Tips for Mental Resilience during COVID-19:

Gratitude Journal

Write a list of things you are grateful for, write as many things as you can and review the list when times are tough.

Reach Out To Others​

Staying connected with others is important to your well being. Though right now it may be difficult to spend time in person with those who matter most, you can still remain connected through phone calls, video calls, emails, text messages and even writing letters. 

Start with a Stop​

For two minutes before getting out of bed in the morning, look forward and look back- run through your day in your head without attaching judgement. Then identify something positive within your day or that you are looking forward to. Before going to sleep, stop and look back on your day with gratitude.

Set a Routine​

So much has changed in our lives recently and it is easy to feel like overwhelmed by it all. In order to resume a sense of normalcy, it is important to keep a schedule as similar to your previous routine as possible. 

Start a New Habit​

Crashing into a diet or a starting an intense workout can be difficult to maintain. This can lead to feelings of failure. To avoid this, select one small aspect of your life you want to tackle first. For example, instead of a goal of running 20 miles a week, start with running twice a week.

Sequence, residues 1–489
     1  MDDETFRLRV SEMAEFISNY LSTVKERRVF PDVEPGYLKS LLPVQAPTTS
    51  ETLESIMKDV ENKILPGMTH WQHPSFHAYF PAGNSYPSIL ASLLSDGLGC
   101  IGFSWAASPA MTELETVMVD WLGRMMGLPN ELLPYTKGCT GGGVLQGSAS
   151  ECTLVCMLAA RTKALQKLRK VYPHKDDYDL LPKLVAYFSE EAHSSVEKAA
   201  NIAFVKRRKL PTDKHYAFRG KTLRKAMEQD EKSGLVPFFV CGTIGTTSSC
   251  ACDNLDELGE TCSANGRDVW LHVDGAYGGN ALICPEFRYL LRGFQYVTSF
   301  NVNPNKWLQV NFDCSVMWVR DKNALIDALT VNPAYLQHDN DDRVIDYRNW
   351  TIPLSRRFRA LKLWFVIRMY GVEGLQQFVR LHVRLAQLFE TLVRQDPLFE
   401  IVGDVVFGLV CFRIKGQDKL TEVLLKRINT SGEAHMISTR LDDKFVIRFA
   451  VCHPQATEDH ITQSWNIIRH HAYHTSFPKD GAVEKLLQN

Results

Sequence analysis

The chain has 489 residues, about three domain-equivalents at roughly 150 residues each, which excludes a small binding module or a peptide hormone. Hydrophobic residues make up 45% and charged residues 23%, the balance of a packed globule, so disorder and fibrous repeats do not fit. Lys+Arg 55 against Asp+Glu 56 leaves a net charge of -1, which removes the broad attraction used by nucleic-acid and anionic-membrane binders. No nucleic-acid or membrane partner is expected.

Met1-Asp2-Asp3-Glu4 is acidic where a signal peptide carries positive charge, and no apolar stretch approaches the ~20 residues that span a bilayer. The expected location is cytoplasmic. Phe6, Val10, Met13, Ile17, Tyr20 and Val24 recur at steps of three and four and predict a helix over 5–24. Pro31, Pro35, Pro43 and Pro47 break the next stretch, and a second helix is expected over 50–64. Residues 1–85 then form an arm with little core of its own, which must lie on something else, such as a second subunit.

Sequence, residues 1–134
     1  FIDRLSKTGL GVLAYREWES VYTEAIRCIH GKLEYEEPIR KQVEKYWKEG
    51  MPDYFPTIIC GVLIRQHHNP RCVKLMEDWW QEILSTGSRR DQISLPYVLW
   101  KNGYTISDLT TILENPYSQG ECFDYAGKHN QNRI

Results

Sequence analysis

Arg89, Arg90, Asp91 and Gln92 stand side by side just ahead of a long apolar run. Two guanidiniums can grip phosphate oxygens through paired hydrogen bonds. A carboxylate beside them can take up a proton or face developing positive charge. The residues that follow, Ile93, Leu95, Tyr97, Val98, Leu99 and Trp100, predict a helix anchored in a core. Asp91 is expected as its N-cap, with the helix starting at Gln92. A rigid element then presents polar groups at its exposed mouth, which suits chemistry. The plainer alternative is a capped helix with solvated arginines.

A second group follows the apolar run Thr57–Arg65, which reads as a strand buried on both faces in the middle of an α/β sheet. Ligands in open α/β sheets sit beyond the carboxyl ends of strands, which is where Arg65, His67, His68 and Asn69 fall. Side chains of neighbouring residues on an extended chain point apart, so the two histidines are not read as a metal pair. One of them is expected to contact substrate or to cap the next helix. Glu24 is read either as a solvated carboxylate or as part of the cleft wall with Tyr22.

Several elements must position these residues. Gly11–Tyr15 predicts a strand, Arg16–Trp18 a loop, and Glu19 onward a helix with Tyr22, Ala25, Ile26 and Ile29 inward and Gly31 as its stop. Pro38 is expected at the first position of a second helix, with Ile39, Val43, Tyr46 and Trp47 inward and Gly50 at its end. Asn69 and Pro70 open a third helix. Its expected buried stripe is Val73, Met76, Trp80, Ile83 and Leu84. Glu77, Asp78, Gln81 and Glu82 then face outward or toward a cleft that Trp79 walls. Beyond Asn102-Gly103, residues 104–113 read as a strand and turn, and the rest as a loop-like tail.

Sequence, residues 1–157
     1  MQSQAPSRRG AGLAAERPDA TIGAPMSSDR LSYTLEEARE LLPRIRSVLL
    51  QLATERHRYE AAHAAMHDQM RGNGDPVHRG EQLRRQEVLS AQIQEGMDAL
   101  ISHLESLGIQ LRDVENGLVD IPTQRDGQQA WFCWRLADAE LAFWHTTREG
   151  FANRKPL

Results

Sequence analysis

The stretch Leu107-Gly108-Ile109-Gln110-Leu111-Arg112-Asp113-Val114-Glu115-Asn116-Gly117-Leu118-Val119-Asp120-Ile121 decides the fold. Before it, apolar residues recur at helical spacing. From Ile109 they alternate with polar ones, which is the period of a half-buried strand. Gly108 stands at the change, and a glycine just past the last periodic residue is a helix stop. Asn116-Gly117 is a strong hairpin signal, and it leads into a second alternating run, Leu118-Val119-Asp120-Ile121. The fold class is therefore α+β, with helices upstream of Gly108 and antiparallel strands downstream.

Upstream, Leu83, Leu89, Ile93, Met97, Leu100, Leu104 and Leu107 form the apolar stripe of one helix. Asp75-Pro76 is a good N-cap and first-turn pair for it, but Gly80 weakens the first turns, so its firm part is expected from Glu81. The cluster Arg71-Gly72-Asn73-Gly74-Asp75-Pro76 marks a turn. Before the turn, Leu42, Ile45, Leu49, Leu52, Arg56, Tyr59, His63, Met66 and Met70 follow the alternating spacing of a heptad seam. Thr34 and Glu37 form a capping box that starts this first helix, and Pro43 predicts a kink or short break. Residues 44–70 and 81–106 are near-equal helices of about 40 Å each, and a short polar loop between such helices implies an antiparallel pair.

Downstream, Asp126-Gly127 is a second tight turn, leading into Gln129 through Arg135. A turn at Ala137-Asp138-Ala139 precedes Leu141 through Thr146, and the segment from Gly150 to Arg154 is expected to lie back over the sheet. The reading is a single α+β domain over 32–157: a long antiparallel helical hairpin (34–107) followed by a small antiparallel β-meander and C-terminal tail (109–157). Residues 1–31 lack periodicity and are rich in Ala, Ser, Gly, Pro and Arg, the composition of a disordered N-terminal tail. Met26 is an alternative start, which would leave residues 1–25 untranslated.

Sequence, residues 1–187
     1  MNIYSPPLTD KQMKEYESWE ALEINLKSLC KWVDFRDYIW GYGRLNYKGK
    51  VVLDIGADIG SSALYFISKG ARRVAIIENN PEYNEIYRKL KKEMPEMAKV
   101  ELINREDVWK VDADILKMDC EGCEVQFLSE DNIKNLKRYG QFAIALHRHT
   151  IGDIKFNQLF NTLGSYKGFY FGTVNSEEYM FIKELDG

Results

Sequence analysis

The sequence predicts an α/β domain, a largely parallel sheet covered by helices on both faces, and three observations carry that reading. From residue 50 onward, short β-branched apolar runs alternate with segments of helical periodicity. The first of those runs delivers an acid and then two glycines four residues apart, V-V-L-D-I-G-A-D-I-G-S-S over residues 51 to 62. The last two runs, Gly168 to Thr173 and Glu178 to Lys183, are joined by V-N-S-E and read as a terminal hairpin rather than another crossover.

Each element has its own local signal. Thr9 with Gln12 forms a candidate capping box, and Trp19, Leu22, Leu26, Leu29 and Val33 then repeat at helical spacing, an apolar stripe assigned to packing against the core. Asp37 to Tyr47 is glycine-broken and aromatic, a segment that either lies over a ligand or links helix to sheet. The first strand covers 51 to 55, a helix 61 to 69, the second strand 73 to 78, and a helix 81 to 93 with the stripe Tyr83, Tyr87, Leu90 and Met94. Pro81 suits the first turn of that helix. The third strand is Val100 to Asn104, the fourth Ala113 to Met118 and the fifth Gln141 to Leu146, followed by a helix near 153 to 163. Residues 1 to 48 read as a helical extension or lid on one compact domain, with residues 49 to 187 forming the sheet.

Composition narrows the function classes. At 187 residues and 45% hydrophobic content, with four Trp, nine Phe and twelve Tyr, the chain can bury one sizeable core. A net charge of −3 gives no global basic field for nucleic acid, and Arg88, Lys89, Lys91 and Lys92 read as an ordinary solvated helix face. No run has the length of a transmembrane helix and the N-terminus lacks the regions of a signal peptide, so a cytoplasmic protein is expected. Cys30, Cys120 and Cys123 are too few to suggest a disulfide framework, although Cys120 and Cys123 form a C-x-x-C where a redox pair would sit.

Take Time for Yourself​

It can be difficult to find time to relax when you’re To Do List is never ending. Carving out even five to ten minutes each day to read, or relax, can greatly reduce stress to a level that prevents derogatory physical outcomes.

Why are these tips here?

At Resilience, Inc. we promote a Social Emotional Learning program for K-12 schools to teach mental and emotional resilience. As we pursue the grind of improving an entire system, we hope to capitalize on the chance to make small improvements along the way that improve the mental health of everyone we come into contact with along the way.

Please read this list with the thought of adopting just one habit to help improve your own mental and emotional resilience. It might take us years to deploy a SEL program to every school in the country, but if you adopt just one habit above, we have made an immediate impact. Even if you are a seasoned professional, this list can help you.

Please share this page with at least one person, regardless of whether or not they need it.  

Additional Resources for coping from the CDC: